Stock forecasters in search of an early-warning system for the next Chinese bear market are zeroing in on the country’s record $358 billion pile of margin debt.
When that three-year build-up of leveraged positions starts to unwind, regulators will struggle to limit the selloff, according to Bocom International Holdings Co. and Rabobank International. Almost all of this year’s biggest declines in the Shanghai Composite Index, including a 6.5 percent slump on May 28, were sparked by investor concerns over margin-trading restrictions. The securities regulator announced plans Friday to limit the amount brokerages can lend for stock trading.
“There’s definitely a ceiling on margin-lending,” said Wu Kan, a Shanghai-based fund manager at Dragon Life Insurance Co., which oversees about $3.3 billion. “Once leveraged investors begin to cut their holdings, it means they’ve turned cautious on the market and that will probably spark a correction.”
A pullback by margin traders would undercut one of the biggest drivers of the rally that’s lifted the value of shares to more than $10 trillion for the first time. With so much borrowed money at stake, market downturns run the risk of snowballing as traders are forced to sell shares to meet margin calls, said Anthony Neoh, a visiting professor at the National University of Singapore and member of the Chinese securities regulator’s international advisory body.
The Shanghai Composite tumbled on May 28 after a brokerage increased its margin requirements, or the collateral put up by investors when borrowing to buy shares. The gauge plunged 7.7 percent on Jan. 19 after a regulatory suspension on new margin accounts at some of the nation’s biggest securities firms. On both occasions, the index recovered within days as margin loans kept climbing.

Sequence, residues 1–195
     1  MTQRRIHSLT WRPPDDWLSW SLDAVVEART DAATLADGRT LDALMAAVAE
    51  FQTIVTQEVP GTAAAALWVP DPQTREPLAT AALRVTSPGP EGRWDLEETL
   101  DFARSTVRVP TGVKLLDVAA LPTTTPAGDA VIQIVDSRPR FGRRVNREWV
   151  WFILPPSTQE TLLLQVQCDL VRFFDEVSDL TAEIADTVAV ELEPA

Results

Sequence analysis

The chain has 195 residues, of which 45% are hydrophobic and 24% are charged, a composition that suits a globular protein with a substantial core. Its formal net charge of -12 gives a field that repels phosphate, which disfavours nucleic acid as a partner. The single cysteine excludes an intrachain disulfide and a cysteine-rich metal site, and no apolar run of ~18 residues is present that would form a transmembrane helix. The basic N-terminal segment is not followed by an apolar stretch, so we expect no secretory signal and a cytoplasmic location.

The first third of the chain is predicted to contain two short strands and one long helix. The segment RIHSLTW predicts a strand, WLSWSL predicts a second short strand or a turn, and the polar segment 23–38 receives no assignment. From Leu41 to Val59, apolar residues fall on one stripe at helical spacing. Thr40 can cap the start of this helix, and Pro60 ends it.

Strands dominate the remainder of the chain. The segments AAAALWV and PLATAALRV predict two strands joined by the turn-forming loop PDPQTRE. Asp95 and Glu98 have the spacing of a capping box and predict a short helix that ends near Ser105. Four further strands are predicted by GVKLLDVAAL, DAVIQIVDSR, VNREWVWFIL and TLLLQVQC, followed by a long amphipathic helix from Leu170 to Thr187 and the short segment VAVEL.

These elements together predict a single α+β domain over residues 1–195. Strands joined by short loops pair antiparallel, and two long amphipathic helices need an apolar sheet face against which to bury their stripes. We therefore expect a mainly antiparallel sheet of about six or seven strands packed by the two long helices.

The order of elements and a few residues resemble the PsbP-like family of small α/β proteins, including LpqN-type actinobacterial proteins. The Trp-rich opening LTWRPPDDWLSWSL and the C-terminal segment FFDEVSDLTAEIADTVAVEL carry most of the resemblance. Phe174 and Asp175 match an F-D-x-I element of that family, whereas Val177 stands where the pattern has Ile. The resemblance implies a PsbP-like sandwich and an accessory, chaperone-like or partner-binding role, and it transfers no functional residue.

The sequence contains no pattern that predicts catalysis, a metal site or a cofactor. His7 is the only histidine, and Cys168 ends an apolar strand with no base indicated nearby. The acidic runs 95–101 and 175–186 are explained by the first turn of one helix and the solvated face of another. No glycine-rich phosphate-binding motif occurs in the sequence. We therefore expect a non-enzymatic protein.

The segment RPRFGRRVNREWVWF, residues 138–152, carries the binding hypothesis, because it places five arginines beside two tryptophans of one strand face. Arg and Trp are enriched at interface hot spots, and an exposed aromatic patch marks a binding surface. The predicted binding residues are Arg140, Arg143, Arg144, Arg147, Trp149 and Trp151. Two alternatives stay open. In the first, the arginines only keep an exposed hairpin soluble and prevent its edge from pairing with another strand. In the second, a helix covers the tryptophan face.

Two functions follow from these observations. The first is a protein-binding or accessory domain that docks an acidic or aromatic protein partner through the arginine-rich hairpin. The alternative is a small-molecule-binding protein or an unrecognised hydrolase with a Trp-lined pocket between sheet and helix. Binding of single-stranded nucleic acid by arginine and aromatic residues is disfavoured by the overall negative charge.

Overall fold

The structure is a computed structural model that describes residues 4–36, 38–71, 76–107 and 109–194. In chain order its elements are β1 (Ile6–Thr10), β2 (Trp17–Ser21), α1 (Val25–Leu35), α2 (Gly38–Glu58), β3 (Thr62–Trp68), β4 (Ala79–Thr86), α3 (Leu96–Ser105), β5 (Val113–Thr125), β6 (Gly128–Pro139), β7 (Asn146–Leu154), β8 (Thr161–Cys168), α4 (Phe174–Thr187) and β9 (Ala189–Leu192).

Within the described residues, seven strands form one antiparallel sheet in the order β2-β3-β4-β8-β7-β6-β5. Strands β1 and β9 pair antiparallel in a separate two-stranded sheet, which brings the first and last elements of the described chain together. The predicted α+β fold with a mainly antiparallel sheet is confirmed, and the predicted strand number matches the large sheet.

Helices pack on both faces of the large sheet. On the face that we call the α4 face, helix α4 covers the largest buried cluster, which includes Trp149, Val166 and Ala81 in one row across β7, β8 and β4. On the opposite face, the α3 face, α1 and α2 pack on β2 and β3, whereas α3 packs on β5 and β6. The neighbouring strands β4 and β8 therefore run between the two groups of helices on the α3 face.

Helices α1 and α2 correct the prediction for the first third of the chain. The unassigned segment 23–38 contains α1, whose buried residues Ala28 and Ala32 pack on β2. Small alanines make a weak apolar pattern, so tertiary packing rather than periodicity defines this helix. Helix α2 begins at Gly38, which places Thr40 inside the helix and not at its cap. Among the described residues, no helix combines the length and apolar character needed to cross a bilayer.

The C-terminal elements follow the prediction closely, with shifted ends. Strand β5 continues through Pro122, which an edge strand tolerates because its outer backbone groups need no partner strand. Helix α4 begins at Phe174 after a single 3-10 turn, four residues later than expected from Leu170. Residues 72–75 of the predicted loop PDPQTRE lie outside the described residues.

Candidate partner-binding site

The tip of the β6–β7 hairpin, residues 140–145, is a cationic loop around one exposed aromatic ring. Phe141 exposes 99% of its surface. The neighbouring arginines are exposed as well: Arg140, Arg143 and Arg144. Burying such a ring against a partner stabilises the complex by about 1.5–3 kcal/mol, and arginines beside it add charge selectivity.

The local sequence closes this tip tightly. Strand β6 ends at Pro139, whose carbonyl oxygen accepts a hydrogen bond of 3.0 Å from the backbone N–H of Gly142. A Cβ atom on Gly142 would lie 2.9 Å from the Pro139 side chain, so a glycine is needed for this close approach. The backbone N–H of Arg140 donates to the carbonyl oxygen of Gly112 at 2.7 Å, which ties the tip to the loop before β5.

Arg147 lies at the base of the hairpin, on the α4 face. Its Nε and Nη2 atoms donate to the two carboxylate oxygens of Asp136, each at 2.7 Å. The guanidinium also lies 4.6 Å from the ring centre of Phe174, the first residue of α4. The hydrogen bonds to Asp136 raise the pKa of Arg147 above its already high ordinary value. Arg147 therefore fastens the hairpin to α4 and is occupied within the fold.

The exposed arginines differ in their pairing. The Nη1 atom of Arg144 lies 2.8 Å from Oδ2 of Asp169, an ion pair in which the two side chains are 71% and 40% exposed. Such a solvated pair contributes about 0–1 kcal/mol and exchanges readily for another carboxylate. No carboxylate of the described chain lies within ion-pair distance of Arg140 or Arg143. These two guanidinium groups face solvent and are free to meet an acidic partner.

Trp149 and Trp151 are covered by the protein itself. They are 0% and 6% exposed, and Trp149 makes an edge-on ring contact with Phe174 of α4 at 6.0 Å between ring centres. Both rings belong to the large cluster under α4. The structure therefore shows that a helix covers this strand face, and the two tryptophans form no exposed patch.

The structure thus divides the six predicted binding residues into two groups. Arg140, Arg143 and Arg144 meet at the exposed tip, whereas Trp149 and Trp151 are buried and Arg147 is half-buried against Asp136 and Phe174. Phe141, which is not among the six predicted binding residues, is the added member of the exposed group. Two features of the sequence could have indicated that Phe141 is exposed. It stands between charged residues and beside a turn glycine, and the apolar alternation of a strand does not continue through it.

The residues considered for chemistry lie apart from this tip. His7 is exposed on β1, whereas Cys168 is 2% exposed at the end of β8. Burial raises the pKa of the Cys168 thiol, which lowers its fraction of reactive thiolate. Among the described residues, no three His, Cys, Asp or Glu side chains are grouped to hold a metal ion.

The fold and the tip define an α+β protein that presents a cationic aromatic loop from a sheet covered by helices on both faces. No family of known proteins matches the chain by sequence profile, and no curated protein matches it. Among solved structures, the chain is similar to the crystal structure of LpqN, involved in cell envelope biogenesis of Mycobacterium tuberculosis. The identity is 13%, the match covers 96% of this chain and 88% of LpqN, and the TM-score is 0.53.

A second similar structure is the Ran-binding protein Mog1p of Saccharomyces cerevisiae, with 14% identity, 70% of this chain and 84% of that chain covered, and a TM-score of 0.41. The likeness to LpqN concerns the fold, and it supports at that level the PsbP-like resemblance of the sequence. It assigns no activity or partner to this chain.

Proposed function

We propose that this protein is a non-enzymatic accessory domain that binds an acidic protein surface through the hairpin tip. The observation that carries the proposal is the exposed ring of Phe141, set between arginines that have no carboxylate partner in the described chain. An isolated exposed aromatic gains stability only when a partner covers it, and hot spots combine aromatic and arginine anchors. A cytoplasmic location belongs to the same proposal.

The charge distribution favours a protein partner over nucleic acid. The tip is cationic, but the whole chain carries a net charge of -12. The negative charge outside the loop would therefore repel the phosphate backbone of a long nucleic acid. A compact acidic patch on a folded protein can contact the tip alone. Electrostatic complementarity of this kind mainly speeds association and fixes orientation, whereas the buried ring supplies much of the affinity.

The benchmark stock measure slumped 2 percent at the close Monday, its biggest drop in two weeks.
Hao Hong, the chief China strategist at Bocom International, says policy makers face a choice: enact margin curbs and bring an end to the bull market, or let leverage keep growing and risk an even bigger market crash down the line. They also have to contend with loans that make their way into the stock market through China’s shadow finance sector.
“The regulator is trying to slow down the growth without triggering panic,” Hao said from Hong Kong on June 11. “If margin loan growth starts to decelerate notably, the market will slow down. If non-compliant margin lending accounts must be closed, the market will crash.”
The China Securities Regulatory Commission is planning to curb the amount of margin finance and short selling to no more than four times a brokerage’s net capital, according to draft rules posted on its website June 12. There is currently no ceiling. The CSRC is also considering allowing brokerages to roll over margin trading and short-selling contracts, instead of closing them out after six months, which may quell volatility if the rally falters.
“Guiding markets like this with regulatory measures is incredibly hard to do,” said Michael Every, the head of financial markets research at Rabobank International in Hong Kong.
China’s stock-market tumble of 2008 shows how quickly investor confidence can evaporate, even in the absence of margin calls. The Shanghai Composite fell more than 70 percent in the 10 months ended Nov. 4, 2008, after jumping more than 400 percent in the previous two years.
Leveraged investors have made so much money from rising stock prices that it would take a “big market slump” for them to start unwinding positions, said Yuliang Chang, the Hong Kong-based head of Chinese equities at Deutsche Bank AG.
“There are ample buffers given how much A shares have rallied,” Chang said.
Brokerages across China are already tightening requirements for lending to stock investors to try to limit their exposure to any market bust. GF Securities Co., Haitong Securities Co. and Changjiang Securities Co. have all raised margin requirements.
For leveraged investors who get caught in the next downturn, the losses may erode their faith in the stock market, said Neoh.
“A lot of people will lose money,” he said. “And it would be a long time before they will return to the markets.”
— With assistance by Shidong Zhang, Kyoungwha Kim, and Allen Wan